K 2004 was notable for fans of polycarbonate car windows, who saw a multishot process that molds the glazing, then the frame, and provides exceptional optical clarity. Windows were molded on Battenfeld and Engel injection presses.
For Battenfeld GmbH, it was the second trade-show demonstration of its IMPmore technology, which uses the injection-compression process. The first time was at the 2003 NPE show in Chicago.
PC already is used in small glazing applications such as sunroofs and decorative side windows.
Although plastic front windshields still are a dream, machinery officials said at the Dusseldorf show that they think the technology is ready to break out into larger windows.
But it's a major challenge to mold a thin part with large dimensions that then is coated for resistance to scratching and ultraviolet light. ``You need less stress in the part, so you can coat it correctly,'' said Markus Kralicek, manager of applications engineering for large machines at Engel Holding GmbH.
Battenfeld used the low-pressure IMPmore process to make a large window, measuring almost 11 square feet. The injection-compression process has a mold that swivels slightly open when the cycle begins, then moves into normal position during molding. The mold was made by Summerer Technologies of Rimsting, Germany.
At K, the windows were removed by a six-axis articulating Kuka robot mounted on the two-platen HM press. The HM's tie bars telescope back when the mold opens.
The robot moved the windows to a quality-control station, where polarized light showed any molded-in stresses.
Battenfeld keeps pushing the envelope. The company showed an animation of a 1,430-ton HM press running at Battenfeld headquarters in Meinerzhagen, Germany. A new feature is direct sequential gating, which leaves no surface marks, said Joachim Berthold, manager of process engineering. It captures the frozen-off gate vestige at the end of the hot runner and keeps it from going into the mold on the next shot. The mold rotates and the frame is injected around the window.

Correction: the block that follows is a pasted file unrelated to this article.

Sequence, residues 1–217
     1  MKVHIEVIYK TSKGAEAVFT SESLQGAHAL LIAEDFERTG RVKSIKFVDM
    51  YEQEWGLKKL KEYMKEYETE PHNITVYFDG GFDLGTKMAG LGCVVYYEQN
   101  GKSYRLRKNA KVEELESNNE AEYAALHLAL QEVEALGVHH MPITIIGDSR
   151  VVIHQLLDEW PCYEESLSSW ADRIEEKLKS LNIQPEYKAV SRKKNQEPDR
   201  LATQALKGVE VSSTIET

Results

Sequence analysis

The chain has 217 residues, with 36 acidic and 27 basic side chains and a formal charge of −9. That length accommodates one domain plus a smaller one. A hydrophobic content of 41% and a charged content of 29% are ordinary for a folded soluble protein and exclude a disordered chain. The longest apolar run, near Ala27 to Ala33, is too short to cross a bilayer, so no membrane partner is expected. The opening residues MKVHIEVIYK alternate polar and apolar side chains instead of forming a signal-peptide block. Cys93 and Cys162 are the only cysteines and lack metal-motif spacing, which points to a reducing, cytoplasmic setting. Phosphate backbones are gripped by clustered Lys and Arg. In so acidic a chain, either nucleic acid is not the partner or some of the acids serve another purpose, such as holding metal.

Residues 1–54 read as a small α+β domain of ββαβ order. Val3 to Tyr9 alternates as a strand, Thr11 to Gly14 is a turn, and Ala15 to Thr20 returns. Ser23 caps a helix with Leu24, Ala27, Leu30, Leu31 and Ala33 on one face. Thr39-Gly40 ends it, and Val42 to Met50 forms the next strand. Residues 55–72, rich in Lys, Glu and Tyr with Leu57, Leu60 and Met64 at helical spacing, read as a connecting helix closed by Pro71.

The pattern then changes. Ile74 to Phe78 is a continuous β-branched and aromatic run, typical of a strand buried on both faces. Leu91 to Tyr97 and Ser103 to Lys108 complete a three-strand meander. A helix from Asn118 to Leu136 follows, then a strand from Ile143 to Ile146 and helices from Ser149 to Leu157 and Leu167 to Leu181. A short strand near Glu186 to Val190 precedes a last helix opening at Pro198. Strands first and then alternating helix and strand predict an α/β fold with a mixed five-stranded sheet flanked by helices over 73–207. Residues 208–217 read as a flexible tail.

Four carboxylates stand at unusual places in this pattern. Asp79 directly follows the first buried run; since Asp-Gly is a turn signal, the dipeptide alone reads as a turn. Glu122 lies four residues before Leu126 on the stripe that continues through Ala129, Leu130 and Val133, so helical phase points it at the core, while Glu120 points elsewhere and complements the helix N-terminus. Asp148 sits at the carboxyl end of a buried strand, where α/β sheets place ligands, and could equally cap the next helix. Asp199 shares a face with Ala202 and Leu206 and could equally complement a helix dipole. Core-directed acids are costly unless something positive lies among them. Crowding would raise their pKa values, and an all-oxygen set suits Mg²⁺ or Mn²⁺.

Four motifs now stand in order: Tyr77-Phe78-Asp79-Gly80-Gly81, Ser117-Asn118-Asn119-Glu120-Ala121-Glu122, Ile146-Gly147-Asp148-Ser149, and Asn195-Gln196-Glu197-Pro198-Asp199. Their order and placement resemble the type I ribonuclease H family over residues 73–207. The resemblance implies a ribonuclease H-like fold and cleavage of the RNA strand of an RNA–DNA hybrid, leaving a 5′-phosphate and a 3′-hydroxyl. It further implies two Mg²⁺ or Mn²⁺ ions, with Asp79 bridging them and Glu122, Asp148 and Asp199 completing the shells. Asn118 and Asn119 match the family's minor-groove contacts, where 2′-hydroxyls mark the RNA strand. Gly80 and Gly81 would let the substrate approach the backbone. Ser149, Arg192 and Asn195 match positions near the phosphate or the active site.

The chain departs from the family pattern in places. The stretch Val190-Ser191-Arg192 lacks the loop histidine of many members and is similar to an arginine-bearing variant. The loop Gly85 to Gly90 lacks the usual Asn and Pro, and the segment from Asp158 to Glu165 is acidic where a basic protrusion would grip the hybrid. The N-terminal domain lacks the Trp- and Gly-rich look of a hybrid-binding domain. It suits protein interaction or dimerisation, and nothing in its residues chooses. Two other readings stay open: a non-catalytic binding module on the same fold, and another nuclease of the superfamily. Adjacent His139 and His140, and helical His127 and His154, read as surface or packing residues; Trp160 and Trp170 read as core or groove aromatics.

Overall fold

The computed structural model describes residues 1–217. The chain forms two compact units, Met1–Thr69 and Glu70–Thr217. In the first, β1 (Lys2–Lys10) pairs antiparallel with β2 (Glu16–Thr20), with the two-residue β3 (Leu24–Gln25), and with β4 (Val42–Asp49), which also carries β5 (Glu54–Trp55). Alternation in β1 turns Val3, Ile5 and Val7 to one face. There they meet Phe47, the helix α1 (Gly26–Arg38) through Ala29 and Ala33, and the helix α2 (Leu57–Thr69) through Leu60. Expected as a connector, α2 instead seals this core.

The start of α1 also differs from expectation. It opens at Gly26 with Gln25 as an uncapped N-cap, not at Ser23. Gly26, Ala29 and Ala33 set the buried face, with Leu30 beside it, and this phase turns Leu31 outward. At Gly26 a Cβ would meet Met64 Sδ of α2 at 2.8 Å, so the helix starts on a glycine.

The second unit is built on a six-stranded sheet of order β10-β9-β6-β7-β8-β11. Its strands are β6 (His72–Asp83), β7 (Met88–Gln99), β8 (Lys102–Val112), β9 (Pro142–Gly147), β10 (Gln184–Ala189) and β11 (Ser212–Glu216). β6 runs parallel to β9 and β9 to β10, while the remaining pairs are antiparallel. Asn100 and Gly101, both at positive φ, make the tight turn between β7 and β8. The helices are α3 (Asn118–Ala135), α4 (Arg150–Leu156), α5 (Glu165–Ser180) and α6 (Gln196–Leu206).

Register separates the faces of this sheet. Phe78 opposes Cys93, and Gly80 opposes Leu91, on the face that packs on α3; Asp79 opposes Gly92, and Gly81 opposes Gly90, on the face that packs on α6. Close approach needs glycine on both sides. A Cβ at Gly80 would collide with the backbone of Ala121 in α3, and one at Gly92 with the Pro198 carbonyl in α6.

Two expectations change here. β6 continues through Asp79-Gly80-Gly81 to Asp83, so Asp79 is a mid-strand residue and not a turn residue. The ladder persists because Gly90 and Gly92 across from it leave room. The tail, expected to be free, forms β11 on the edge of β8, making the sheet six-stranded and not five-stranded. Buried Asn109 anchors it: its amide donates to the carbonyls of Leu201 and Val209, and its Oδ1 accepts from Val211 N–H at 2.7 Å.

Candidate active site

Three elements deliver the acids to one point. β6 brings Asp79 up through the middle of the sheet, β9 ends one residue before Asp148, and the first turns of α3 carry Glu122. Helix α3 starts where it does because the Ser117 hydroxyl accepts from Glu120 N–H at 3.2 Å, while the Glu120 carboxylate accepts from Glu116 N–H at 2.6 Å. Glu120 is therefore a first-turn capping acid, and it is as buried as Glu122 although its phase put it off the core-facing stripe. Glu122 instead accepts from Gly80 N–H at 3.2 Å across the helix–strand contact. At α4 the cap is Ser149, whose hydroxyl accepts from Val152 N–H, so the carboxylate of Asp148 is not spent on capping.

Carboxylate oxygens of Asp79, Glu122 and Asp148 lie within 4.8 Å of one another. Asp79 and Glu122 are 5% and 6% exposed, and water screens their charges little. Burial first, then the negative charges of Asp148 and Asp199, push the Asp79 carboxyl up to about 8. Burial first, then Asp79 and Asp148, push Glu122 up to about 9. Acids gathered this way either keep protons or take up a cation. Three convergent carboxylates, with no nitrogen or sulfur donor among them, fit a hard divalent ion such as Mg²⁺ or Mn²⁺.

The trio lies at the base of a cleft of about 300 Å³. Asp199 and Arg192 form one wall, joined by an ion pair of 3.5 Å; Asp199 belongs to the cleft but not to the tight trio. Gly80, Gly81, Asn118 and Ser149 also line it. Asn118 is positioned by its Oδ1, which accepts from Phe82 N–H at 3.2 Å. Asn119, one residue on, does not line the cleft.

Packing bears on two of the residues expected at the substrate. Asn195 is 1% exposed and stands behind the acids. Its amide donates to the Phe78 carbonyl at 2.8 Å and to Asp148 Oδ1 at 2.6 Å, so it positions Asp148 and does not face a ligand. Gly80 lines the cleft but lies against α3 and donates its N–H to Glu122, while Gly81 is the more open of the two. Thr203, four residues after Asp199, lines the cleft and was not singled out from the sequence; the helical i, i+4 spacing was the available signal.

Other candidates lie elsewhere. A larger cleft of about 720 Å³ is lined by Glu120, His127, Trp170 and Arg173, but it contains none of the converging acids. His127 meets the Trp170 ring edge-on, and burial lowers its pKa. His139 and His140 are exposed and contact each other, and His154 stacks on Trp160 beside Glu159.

Berthold said Battenfeld offers the revolving mold on presses that have 880, 1,430 and 2,970 tons of clamping force.
Engel, based in Schwertberg, Austria, molded a sunroof - with the frame molded around it - using its Glazemelt system on a 1,650-ton Duo two-platen press with a mold revolving between two injection units. The window and frame are both made of PC - clear for the window and black for the frame. In a touch of automated showmanship at K, the Kuka robot presented the sunroof to show-goers, lifted it high overhead, swung it around and placed it into a holding cart.
K 2004, held Oct. 20-27, marked Engel's first trade-show demonstration of automotive glazing production.
Kralicek said Glazemelt must inject from the side, because the gate cannot be on the window surface. That side injection, plus the demands of coining, put a premium on keeping the machine and mold parallelism under tight control.
Engel touted the fact that its window had a molded-in frame. ``This part is the biggest two-component part for glazing at the show,'' Kralicek said.